Josephson: „I think it’s a spontaneous communication, that it involves the subconscious in some way. Some deeply rooted aspect of ourselves is communicating on perhaps an instinctual or subconscious level with the other. The best improvisations come when we can get out of the way of our own ego and our own desires, and  leave the small human pettiness out of it. If we are spontaneous enough and we are able to let go of our ego, we can forget hunger, the elements, longing and heartbreak, and let the authentic music come.“

Huebsch: „Is there something an improviser needs to know that an interpreter wouldn’t need to know?“

Josephson: „I would say as a teacher of improvisation, my first two lessons are listen and listen. But other than that, I feel that we have a responsibility to listeners to keep the music interesting somehow. And what that means in a given situation can be any number of things, given the context, so you can improvise on any medium, right? You can be in the idiom of European free improvisation like what we’re doing, right? You can do it in Jazz, you can make any kind of structure loose, but you have to decide what context you’re in and where it makes sense.

I think that part of being a good improviser is knowing where you have a receptive audience and where you don’t, in a way. And then you have to decide if you’re going to take the risk and explore how far out you’re going to go, and if you’re going to break the ice or if you’re going to abstain.“

Huebsch: „Are you in communication with the audience?“

Josephson: „More than communicating with the audience, I feel like I’m in communication with something that’s greater than myself, that’s greater than the audience. This something surrounds all of us, like dark matter, or, I don’t know what you want to call it, but it’s that energy that connects all living things to all other living things. I see little tendrils of energy bonding all living entities together. If we tap into that, then we have tapped into something that’s like God. A place of truly authentic and universal music making that has no beginning and no ending. This way of communicating is a timeless kind of stream that any entity may tap into. This is the ideal place that I like to be when I play music and I hope others are there beside me.“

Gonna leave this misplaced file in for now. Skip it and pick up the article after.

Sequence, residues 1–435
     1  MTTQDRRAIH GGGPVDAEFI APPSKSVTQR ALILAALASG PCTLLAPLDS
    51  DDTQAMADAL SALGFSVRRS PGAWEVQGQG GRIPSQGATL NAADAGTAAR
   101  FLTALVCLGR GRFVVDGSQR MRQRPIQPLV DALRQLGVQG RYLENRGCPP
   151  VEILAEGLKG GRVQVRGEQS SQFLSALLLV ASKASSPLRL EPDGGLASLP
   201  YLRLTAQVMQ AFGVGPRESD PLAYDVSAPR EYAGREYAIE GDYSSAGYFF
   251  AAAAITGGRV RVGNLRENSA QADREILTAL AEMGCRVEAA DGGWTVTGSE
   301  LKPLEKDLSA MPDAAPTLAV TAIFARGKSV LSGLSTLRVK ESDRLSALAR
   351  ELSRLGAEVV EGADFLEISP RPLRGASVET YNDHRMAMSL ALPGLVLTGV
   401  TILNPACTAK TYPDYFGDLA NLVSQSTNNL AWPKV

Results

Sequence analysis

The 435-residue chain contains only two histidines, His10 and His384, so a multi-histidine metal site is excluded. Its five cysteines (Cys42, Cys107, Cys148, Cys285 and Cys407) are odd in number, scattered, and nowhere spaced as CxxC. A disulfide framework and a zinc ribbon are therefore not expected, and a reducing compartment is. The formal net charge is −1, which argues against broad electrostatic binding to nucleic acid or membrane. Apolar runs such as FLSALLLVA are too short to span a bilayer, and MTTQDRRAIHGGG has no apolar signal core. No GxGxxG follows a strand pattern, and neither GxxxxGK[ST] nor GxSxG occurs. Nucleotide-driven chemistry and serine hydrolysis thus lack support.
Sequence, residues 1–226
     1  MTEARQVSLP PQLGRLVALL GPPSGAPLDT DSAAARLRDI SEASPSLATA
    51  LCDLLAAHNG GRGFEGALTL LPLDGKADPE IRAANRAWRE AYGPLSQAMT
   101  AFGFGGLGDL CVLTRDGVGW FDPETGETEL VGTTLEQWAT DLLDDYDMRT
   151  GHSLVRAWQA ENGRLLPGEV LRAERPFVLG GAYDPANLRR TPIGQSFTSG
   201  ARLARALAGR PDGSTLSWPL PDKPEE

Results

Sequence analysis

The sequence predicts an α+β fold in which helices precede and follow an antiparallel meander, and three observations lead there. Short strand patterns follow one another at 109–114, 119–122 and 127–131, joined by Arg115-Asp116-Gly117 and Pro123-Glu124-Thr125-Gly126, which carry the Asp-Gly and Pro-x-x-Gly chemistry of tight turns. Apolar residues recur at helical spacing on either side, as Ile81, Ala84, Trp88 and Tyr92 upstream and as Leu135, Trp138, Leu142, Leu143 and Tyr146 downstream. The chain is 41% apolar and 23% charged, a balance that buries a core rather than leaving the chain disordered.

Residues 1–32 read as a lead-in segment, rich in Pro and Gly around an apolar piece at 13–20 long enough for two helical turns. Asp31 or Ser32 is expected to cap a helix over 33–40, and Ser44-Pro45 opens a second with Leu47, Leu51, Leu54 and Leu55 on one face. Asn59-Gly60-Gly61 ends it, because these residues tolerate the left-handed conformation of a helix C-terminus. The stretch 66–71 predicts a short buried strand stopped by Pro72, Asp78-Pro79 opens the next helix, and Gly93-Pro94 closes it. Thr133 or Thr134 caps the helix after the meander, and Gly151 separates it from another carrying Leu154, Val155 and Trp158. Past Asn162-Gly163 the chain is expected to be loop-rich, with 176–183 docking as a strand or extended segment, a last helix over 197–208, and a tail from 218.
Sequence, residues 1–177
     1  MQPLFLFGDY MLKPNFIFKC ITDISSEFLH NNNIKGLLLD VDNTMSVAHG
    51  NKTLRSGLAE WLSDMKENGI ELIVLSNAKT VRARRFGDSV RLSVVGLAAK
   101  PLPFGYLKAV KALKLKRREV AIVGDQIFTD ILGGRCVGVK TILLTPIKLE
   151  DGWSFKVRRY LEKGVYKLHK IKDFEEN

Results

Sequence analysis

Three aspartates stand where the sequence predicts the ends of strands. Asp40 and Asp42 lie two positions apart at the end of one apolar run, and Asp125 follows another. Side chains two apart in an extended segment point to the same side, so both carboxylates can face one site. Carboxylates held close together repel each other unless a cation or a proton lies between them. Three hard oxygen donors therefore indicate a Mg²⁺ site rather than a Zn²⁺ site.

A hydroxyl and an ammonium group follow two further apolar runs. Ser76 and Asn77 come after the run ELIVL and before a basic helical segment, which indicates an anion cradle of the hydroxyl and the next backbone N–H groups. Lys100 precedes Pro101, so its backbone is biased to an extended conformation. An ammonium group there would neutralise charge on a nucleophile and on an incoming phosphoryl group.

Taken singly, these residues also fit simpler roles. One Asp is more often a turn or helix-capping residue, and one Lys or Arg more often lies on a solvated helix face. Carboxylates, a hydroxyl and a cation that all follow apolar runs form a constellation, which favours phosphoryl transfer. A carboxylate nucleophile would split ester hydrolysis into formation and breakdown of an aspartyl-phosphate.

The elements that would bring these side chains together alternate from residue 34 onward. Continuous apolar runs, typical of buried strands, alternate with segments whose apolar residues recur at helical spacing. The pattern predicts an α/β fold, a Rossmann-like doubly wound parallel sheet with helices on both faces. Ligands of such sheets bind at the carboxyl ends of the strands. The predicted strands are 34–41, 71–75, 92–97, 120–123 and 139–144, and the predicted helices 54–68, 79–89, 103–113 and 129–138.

Huebsch: „That brings up the communal part in communication?“

Josephson: „Right. That hopefully everyone would tap into that too and realize that we’re all in the same place, that maybe we’re having a raised awareness moment.“

Huebsch: „As an improviser, do you address your sounds to some of the co-players at times?  Do you give responses?“

Josephson: „I feel like definitely, I’m trying not to react, but I’m trying to absorb, and somehow compose my part through a filter. I’m trying not to have an immediate response where my musical choices are obvious, but to assimilate in some way, and respond in kind to what the other person is doing, not just reflect it faithfully. Not mimic what they are doing and not imitate, but be with it in some way. Ideally each person has their own place, but together they make something that synergizes and is more than that the two parts.“

Huebsch: „The reception is a crucial point about improvising, right?“

Josephson: „Right.“

Huebsch: „And the reception of information, right?“

Josephson: „Right.“

Huebsch: „Is there, so to say, a second layer of information in improvised music that lies beyond it’s so squeakyness or screechyness or beauty or violence or whatever quality of it´s sound?“

Josephson: „It’s desire.“

Huebsch: „Desire?“

Josephson: „Desire. The extra levels of information in improvised music are the same as in any kind of music making. They are desire, passion, the life force. One knows when the desire to make music is there and when it is not. You know when something is going to fall flat, you know if there’s a level of interest. Sometimes, there is an energy that meets your own energy level, and sometimes you notice your like-mindedness with another, and feel safe. This has to do with desire to engage in the music making and engage with it fully in the moment.